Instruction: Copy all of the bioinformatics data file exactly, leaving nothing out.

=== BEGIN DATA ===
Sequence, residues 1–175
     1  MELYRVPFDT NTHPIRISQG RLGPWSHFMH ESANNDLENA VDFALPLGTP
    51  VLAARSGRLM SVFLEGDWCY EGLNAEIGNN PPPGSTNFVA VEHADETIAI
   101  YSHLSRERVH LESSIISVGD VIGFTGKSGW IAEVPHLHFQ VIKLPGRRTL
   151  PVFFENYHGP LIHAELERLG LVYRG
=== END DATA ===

Sequence, residues 1–175
     1  MELYRVPFDT NTHPIRISQG RLGPWSHFMH ESANNDLENA VDFALPLGTP
    51  VLAARSGRLM SVFLEGDWCY EGLNAEIGNN PPPGSTNFVA VEHADETIAI
   101  YSHLSRERVH LESSIISVGD VIGFTGKSGW IAEVPHLHFQ VIKLPGRRTL
   151  PVFFENYHGP LIHAELERLG LVYRG